[Date Prev][Date Next][Thread Prev][Thread Next][Date Index][Thread Index]

Conusion with peek-char and char-ready

The conflict with char-ready? vs rubout handlers arises with peek-char
also, and it is very bad that the current draft requires no guarantee
that what I get from PEEK-CHAR is what I will get from a subsequent
READ-CHAR [I suspect this is a temporary editing discontinuity
introduced by the removal of CHAR-READY?].  This is emphatically *not*
the right thing, as it leads to an ambiguity in usage: one usage is to
use PEEK-CHAR to watch the instantaneous input stream, the other is to
do lookahead.  If the relationship between PEEK-CHAR and READ-CHAR is
not strengthened, this confusion will get embedded in programs in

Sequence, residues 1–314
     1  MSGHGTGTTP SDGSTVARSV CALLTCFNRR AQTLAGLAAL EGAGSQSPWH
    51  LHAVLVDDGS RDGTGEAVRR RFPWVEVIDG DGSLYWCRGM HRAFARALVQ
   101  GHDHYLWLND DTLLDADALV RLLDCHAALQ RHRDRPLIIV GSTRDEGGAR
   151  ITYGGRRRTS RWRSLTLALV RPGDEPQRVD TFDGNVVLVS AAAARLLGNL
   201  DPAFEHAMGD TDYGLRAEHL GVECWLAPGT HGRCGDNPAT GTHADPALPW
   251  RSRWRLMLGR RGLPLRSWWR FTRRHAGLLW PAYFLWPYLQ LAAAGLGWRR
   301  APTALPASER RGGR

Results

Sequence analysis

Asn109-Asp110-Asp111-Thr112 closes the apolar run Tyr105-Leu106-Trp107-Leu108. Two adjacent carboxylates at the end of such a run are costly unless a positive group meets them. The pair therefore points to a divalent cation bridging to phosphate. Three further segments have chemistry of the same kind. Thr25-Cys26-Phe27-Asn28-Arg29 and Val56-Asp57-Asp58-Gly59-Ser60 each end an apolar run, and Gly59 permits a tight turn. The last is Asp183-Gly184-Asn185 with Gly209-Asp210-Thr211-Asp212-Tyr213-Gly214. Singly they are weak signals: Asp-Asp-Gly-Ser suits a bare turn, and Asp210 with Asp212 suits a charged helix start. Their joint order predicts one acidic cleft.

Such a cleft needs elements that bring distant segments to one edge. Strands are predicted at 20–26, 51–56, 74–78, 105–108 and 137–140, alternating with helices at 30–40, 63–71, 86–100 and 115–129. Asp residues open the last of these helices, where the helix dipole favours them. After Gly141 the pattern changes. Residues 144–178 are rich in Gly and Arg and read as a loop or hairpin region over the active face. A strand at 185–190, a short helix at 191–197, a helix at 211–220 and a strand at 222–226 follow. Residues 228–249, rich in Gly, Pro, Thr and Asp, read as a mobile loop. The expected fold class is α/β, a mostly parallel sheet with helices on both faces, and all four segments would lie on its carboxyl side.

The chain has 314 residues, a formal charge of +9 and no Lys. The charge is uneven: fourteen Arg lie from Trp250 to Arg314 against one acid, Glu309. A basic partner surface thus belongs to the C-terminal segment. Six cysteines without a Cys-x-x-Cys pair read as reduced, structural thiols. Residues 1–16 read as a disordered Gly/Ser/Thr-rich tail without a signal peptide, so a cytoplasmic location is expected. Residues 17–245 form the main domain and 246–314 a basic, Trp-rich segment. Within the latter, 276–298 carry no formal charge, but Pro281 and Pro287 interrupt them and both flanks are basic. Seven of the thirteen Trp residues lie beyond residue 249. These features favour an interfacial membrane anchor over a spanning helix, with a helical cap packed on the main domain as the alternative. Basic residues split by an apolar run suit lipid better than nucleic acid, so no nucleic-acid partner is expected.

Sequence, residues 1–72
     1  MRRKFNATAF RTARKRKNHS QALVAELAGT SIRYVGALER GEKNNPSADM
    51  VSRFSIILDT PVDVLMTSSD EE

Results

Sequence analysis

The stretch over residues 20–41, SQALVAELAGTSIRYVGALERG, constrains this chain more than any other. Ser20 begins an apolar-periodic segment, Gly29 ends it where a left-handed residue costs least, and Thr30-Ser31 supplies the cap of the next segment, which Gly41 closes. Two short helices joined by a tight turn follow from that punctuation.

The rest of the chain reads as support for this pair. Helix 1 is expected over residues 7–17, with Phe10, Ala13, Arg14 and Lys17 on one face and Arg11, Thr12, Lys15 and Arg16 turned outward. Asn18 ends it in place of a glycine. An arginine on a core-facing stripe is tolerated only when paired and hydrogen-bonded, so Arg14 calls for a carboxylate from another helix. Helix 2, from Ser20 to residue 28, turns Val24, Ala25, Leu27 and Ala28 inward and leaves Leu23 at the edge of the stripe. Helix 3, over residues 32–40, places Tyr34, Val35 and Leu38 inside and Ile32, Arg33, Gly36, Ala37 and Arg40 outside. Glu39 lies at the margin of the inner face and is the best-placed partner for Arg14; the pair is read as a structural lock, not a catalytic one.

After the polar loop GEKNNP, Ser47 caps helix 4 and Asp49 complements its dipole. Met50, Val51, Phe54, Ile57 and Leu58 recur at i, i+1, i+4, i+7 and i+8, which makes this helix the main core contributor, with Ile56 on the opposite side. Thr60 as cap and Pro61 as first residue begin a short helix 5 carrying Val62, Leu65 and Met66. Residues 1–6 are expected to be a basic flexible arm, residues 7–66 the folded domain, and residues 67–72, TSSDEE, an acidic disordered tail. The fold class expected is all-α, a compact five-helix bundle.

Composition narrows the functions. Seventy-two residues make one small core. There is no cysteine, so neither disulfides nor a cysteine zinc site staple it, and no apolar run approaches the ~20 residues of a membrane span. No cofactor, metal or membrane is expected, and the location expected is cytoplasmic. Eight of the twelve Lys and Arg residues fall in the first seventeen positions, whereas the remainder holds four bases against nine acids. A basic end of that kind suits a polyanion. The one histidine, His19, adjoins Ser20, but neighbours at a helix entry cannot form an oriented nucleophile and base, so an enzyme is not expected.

subtle ways.

The problem arises out of a confusion between readahead and
rubout/kill processing. In the presence of rubout handling,
CHAR-READY? should only return #t if there is input that has been
committed (on a UNIX system, if return has been pressed for the input
line).  In the absence of rubout handling, (i.e. raw mode I/O),
CHAR-READY should return #t if a character has been typed.

This is getting pretty deep into terminal I/O specific stuff, and it
isn't clear to me that we ought to do that.

The problem can be temporarily resolved by restoring CHAR-READY? with
the interpretation above and introducing something like

	(I/O-MODE <port> 'BUFFERED)
	(I/O-MODE <port> 'RAW)

I think it would be better to do this than standardize on an I/O
facility in which there is no way to guarantee non-blocking read.

I am in general greatly concerned that the IEEE standardization is
very premature, and will lead to diverging practices in commercial
implementations that will make the language nearly impossible to
converge later.